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Father’s Day Doesn’t Have to Be Torture

June 6, 2012

Tortured Artists Father's DaySo Dad’s not much of a reader, you say? Well, before you run out to get him yet another set of golf balls (and pray that he doesn’t notice you got him the same thing last year), why not introduce the old man to a fascinating yet easy-to-read celebration of pain and suffering?

Tortured Artists features brisk but illuminating profiles of celebrated figures from literature, music, drama, and visual art, examining the role that anguish and adversity has played in the world’s best-known creative accomplishments.

The best part? If dad gets bored with one story, he can skip to the next. Let’s face it—the man has no idea who Amy Winehouse is, but Brando and Irving Berlin are right up his alley, and if he’s  not careful, he may find himself learning about the personal demons that tortured Picasso, Dante, Plath, and Herzog. Of course, if Dad really has no interest in reading anything longer than a prescription bottle,  he can jump right to the end of the book and skim through the “Tortured Artists Timeline”—our brief and deliberately random history of pain, suffering, and artistic triumphs—which covers everything from cave paintings to Piss Christ in only a few brief pages.

Father’s Day is June 17 this year, so show Dad you care with the gift of creativity and mental anguish. Order your copy of Tortured Artists on Amazon, Barnes & Noble, or your favorite indie bookstore.

Is Pop Music Getting Sadder?

May 31, 2012

Kanye West CryingA new study released by the American Psychological Association is challenging conventional wisdom on the unremitting suckiness of pop music.

The study, which was published in the journal Psychology of Aesthetics, Creativity, and the Arts, claims that Top 40 hits have been getting sadder—and  more complex—for the last half-decade. The study’s authors researched the tonality of more than 1,000 Billboard chart-toppers from 1965 to 2009, ultimately concluding that pop recordings have become more “sad-sounding” over time, as characterized by slower tempos and the increased use of minor key.

“Popular music with mixed emotional cues has always existed,” the authors noted, “but [in today’s music industry] artistic integrity and commercial success are no longer contradictory.”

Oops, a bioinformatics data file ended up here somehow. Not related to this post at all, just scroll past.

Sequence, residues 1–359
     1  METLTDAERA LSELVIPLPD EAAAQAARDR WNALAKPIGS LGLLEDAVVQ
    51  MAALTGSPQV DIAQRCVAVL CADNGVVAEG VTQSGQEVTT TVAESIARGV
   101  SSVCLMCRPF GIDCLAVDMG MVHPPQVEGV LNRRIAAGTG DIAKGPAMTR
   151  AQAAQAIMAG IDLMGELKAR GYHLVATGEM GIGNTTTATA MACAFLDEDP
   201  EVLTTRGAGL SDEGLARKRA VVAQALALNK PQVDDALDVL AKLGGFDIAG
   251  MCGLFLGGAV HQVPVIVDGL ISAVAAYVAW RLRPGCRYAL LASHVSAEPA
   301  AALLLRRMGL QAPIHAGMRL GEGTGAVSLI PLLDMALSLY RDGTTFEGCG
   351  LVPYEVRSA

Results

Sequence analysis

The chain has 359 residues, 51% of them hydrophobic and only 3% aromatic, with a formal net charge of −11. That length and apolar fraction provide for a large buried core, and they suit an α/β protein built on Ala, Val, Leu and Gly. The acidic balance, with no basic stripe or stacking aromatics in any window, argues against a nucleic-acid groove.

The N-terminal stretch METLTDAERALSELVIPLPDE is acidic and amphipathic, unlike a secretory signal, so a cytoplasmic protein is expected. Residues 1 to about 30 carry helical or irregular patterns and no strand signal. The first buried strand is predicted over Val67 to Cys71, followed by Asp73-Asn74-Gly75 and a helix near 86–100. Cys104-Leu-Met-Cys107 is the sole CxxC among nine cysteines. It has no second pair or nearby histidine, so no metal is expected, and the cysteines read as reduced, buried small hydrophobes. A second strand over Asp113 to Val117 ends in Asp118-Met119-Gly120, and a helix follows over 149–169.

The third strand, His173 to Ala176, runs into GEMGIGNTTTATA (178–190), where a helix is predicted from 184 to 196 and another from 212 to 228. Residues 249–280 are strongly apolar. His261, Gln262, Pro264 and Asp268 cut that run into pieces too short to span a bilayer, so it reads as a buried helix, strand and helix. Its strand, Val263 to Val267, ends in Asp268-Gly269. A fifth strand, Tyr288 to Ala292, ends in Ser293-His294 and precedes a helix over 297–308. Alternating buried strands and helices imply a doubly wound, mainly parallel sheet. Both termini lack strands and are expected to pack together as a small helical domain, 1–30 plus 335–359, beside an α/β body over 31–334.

Although the journal does not mention how much crack cocaine the study’s authors had ingested over the course of their research, their conclusion that pop music has grown “smarter” and “more complicated” suggests that they have not actually listened to a pop song in at least twenty years. Or perhaps they watched that SNL skit in which the cast members bawled to Adele’s “Someone Like You” and jumped to the conclusion that heartfelt weepers are all the rage. Either way, their claims come across as wildly untenable.

Far be it from me to contradict a critical analysis that holds up to the almighty Scientific Method, but isn’t today’s pop music insufferable enough without the psychological community stirring the pot with studies about how it’s getting more complex? For argument’s sake, let’s look at 2009—the most recent year in the study. Were the researchers really impressed by the “mixed emotional cues” of such deep-thinking chart-toppers as Kelly Clarkson, Jason Mraz, Beyonce, and the Fray? Or did the fact that Billboard chose Kanye West and Taylor Swift as the best artists of that year send a strong signal to the psychological community that complex music has finally gained mass appeal?

Of course, there’s always Lady Gaga, who dominated the charts in 2009. From what I’ve been told, she does actually sing songs, some of which apparently do not make you want to rip off your own ears with a pair of salad tongs. But in the end, isn’t she known more for her edible evening wear and amusing Twitter antics?